EVER since the scourge of Sars-CoV-2 started to turn our lives upside down and forced us into quarantine for almost a year now, most of our activities have shifted online. From shopping and paying the bills to doing business and work, the internet has kept us functioning in the safety of our homes.
The educational system has also taken advantage of the virtual world, taking note of the high risk of students getting sick if they were to go to school and attend their classes face to face. Some schools started their online classes as early as June 2020. And many schools started their second semester last week, January 2021, through the holding of full online classes.
As life goes on even with the continuing health crisis, online classes increase the levels of safety among students in the continuation of learning. But it has also met some criticism, what with the country’s ever so slow internet connection and many students’ lack of access to electronic gadgets. Apart from this, the Department of Health, in a recent newspaper article, noted that online classes may result in “feelings of isolation” to some students due to the lack of face-to-face interaction.
Nothing beats going to school and taking part in various learning activities together with the “physical presence” of classmates, friends and teachers. As another online semester hovers over many students, here are helpful tips on how to keep one’s sanity in the midst of online learning.
Stick to a schedule
Online learning can be overwhelming as tasks may come in bulk and you sometimes immediately lose focus and get overwhelmed. During your enrolment, you are furnished with a copy of your class schedule. Stick to it. Do not do tasks intended for another course at 9 a.m., when you are scheduled to attend a lecture of another course schedule for that specific time.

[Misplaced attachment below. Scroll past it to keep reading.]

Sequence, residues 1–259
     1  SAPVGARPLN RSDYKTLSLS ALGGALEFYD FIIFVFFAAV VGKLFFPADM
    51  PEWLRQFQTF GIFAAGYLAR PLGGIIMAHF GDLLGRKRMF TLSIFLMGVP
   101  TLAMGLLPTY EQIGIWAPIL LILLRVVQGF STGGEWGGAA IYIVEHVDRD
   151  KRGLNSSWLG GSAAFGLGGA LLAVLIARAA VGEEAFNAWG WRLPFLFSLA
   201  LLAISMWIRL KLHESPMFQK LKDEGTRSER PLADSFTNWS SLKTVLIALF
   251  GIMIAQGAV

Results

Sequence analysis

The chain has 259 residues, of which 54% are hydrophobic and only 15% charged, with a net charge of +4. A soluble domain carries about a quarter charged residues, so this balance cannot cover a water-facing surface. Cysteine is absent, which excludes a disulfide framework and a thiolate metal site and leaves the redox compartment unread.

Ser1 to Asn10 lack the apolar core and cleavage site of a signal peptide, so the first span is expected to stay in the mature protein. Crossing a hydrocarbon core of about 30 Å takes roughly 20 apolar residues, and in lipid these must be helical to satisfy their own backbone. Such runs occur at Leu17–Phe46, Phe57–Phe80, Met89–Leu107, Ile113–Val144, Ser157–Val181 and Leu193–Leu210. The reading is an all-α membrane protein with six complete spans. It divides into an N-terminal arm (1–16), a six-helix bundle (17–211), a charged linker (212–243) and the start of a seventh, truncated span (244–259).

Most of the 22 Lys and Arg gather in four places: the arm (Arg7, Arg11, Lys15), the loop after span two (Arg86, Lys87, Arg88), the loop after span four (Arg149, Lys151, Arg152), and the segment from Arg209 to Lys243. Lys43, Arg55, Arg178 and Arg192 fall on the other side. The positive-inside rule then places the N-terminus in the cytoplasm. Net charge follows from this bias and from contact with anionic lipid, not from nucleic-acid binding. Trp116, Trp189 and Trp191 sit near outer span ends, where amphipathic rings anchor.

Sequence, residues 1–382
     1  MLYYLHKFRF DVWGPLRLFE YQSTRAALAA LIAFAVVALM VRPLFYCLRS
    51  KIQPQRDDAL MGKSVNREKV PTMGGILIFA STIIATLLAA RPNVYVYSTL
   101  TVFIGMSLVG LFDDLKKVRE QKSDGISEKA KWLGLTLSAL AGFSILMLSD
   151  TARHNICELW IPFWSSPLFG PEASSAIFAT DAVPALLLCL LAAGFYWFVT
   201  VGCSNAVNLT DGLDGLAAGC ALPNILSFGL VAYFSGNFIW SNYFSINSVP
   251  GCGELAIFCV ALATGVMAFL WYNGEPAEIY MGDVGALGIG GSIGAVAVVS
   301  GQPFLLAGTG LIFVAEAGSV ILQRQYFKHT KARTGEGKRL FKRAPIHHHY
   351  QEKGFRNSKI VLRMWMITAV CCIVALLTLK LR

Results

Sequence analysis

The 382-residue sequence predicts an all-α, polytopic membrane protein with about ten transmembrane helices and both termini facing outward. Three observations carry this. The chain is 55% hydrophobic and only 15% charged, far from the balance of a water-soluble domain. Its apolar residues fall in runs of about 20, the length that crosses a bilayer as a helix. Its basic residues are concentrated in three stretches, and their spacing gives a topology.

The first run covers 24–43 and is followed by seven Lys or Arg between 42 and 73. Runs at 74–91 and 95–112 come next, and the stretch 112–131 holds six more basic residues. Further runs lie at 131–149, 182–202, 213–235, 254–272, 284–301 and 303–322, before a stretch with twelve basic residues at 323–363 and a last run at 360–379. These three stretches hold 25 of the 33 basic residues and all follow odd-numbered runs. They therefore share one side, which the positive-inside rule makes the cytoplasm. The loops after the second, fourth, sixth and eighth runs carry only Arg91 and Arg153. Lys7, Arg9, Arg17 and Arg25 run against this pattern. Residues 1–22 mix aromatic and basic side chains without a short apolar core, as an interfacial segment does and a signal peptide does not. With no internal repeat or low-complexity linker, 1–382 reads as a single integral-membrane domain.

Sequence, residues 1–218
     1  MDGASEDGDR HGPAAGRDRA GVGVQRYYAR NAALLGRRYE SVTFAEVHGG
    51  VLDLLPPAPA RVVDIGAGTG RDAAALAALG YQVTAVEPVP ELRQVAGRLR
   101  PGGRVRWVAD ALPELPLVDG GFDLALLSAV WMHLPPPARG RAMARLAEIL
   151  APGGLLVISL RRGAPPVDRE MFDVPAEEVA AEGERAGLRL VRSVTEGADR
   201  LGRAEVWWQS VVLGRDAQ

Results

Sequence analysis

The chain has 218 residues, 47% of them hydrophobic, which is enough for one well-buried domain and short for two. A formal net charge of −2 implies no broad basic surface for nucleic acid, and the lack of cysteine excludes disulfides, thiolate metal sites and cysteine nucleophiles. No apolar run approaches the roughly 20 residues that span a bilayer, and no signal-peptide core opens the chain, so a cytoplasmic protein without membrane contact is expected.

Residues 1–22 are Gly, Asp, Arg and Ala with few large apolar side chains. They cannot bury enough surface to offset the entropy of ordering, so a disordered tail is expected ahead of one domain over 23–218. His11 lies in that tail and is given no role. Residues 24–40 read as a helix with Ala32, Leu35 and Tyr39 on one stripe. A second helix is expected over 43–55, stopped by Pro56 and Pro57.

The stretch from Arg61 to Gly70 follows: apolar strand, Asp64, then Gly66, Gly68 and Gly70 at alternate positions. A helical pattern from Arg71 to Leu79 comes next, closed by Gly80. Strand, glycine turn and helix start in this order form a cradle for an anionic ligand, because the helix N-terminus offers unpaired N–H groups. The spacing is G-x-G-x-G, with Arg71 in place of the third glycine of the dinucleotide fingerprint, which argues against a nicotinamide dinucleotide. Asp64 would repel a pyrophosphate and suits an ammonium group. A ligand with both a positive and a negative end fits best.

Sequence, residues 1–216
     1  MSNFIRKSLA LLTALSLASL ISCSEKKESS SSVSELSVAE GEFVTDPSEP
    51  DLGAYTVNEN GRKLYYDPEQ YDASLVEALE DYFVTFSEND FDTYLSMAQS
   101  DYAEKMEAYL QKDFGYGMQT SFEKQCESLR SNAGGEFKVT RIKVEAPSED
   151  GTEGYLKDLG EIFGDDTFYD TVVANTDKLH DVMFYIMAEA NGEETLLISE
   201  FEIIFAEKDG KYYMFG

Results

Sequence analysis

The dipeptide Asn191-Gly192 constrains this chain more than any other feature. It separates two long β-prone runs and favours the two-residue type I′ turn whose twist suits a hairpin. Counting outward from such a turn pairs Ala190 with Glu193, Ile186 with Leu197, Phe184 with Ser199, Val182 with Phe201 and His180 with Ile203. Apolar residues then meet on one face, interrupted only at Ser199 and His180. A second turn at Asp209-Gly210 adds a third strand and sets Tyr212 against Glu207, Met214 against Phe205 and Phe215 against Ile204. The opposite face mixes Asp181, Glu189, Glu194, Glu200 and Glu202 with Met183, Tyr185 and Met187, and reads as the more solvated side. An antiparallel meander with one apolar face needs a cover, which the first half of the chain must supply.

Schedule everything, including much-needed breaks. Take a breather, and when we mean “breather,” it’s taking some minutes off from the computer or mobile phone screen.
While attending your online lectures, seeing your classmates and teachers makes it more “realistic” than just staring at their profile photos. It makes you more socially connected with your peers in school.
Find time to exercise
Sitting in front of the computer for hours can be unhealthy. You may need to do some exercise while keeping yourself safe (better to stay away from gyms for now). Do some stretching during your breaks. On weekends, you could go brisk walking early in the morning or biking around the neighborhood, following health protocols, of course.
Talk to someone
This is where family comes in, and this may be true not just for online learners but also those who “work from home.” Open communication among family members gives the feeling of reassurance and support. The stress that might be caused by learning online should not affect family ties. And make sure you have each other’s back. Get in touch with friends by calling them. This way you get a sense of their presence just by listening to their voices.
If your brain has been “programmed” to the thought that nothing will come out good from a distant learning approach, then you will never pick up something valuable. If you think it is all just for the requirement, then each assignment and conference session will be burdensome. Clear your minds from all the negativity and think that this can be done and you can still get something valuable from learning online. Then you might find some enjoyment and fulfilment in it.